It may be the hallelujah song for Nigerians if the NNPC gets it act together to rehabilitate the state owned refineries and end the overindulgence in fuel importation in the magical year 2019. It would no longer be in our dreams as some gave up on what this administration inherited three years ago when issues of the four refineries were in abeyance with operators and policy makers not closing ranks on who does what.
The bickering got to a head in December 2016, when the NNPC rose from an AGM announcing the plan for a comprehensive rehabilitation programme in 2017. The NNPC had painted a situation of having three cars in one’s garage that have not been maintained for 15 to 20 years while expecting optimal performance from them. Changing one fuel pump here, one compressor there is not helpful, proposing a holistic approach for full rehabilitation of the refineries.
The Ministry of Petroleum Resources in the same breath and almost in a counter told members of the House of Representatives Committee on Petroleum (Upstream) led by the Chairman Hon. Victor Nwokolo who had oversight visit to the Ministry that for the purpose of efficient management of the refineries, the Federal Government will no longer invest in the repairs of the country’s refineries, and would also not concession or privatise the refineries. Rather, prospective private investors will bring in their money, and take part in managing the refineries and from there recoup their investments.
Nigerians waited endlessly in 2017 without the refineries rehabilitation and without hopes for investors bringing in their money for the ailing refineries and later taking part in managing the refineries and from there recoup their investment. The scenarios made watchers confused and equally think they are deliberate moves to let go the refineries against an endless sloganeering to have the refineries back to full capacity and meet the government’s target of ending importation of petrol in 18 months.
In the twilight of this administration, officials woke up with a ginger of political will to rehabilitate the four refineries in Port Harcourt (2), Warri and Kaduna. This must be commended. It is the same refineries some have consistently claimed are old and beyond redemption. There are many older brownfield refineries we know that have undergone rehabilitation, with some also upgraded. Are we equally upgrading? We have always pointed out that Nigeria must have functional refineries to compete in global development race including diversification.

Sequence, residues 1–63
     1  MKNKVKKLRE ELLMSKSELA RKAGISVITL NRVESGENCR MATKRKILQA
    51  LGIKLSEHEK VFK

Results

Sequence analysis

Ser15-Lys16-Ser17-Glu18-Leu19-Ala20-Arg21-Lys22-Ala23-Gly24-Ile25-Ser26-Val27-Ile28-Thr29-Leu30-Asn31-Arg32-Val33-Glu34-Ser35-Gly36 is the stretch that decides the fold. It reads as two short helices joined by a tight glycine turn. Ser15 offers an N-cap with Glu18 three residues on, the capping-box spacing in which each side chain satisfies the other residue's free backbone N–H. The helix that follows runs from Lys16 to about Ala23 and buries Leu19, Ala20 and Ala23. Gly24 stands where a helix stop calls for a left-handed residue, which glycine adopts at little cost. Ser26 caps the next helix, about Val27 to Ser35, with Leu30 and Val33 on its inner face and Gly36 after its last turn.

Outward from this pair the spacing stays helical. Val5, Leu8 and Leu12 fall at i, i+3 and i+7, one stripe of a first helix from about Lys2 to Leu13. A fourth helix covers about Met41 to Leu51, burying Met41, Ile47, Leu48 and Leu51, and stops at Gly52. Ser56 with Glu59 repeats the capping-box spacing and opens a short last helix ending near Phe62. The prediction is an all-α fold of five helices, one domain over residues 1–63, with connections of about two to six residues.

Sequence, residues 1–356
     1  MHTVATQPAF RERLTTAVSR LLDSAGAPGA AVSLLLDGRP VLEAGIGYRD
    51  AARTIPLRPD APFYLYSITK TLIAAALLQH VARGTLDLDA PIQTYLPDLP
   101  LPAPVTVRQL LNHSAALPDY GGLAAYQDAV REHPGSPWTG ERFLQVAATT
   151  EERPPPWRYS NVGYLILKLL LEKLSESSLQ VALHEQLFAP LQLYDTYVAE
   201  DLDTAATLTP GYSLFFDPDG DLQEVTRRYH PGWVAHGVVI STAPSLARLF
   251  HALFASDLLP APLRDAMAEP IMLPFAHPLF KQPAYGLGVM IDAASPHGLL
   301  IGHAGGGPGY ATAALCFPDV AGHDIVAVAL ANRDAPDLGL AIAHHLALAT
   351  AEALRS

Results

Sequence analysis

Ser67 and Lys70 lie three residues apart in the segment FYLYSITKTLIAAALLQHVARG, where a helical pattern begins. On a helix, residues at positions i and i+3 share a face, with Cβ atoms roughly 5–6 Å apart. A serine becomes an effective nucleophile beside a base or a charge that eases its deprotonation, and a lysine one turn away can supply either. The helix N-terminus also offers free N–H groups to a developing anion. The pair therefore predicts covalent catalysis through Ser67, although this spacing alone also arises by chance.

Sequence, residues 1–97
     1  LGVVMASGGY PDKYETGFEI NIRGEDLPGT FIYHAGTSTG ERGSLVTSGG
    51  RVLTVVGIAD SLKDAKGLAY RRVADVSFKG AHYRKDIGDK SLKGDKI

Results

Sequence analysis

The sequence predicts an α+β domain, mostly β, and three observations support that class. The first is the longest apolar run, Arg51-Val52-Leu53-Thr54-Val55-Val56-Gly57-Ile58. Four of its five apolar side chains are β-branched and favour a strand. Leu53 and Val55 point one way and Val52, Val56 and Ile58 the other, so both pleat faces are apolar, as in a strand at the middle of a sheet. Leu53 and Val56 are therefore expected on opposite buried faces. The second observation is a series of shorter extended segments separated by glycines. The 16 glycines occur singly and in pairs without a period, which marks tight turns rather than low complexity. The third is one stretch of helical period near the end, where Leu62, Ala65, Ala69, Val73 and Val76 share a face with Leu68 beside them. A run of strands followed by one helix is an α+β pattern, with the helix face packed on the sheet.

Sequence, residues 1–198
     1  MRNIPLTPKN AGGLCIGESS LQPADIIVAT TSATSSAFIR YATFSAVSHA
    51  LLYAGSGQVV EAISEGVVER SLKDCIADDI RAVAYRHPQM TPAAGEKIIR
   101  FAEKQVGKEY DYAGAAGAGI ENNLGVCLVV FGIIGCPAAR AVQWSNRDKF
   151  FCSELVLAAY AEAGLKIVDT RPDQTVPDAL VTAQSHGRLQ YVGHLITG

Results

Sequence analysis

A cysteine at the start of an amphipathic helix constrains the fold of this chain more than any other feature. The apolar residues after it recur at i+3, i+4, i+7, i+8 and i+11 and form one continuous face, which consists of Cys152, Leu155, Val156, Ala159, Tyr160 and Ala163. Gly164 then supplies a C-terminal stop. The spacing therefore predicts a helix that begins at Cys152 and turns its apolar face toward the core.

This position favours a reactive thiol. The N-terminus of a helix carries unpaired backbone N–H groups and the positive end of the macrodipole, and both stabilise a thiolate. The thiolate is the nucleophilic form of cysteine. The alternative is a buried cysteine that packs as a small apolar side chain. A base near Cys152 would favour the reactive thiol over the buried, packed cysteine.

Our quest for development and the role refineries could play for Nigeria to become an emerging economic nation rather than a Third World nation is what some public officers have not comprehended. With over 6000 investment opportunities, there is no mineral like petroleum on earth. That is why for over a century of oil discovery nations go to war (including proxy wars). Petroleum is an instrument of politics, strategy and tact. With 80 percent of its use in the fuels the craze for renewable energy is not just for climate concerns; but for the fact that few countries have the privilege of possessing oil. Technology is now being marketed to us as renewable energy to do away with fossil fuels including oil.
Net imports of oil accounts for nearly half of the United States trade deficits. Of the 30 countries with proven oil reserves which Nigeria are number 11, only US and Canada in the Group of Seven, G7 industrial nations have oil. The G7 members own 249 refineries ie. 33.4 percent of the 745 global functional refineries including Canada (29), France (13), Germany (14), Italy (16), Japan (29), UK (9) and US (139). When extended to the number of refineries the G20 own, we are counting in the range of 85 to 90 percent.
The NNPC Group Managing Director, Dr. Maikanti Baru’s pledge is to focus on the rehabilitation of the refineries to ensure a restoration to nameplate capacities by 2019 when the country is expected to end the importation of petroleum products. The privileged NNPC officials in the eight committees constituted on rehabilitation including workstations for rehabilitation, stakeholder management, financing, legal, procurement, pipeline, crude oil supply and security, and staffing and succession planning should not be amorphous otherwise they would be confined in perpetuity to the history of failed generation.
To Baru, it has been the perception of the public that the repairs of the refineries are never done. Baru should be told to be a man of his word to alter that public perception. Adequate planning and hard work are the recipes for success in this refineries endeavour. He should be on the watch for somebody or something as a protective measure to exert control as wrong ingredients and instructions are disasters for Nigeria. Negotiations and agreements for the refineries rehabilitation financiers should be done transparently, patriotically and in good faith. It is sad commentary that Nigeria has for about a quarter of a century imported petroleum products only for public officers’ in charge to taunt us with elegies of Lamentations.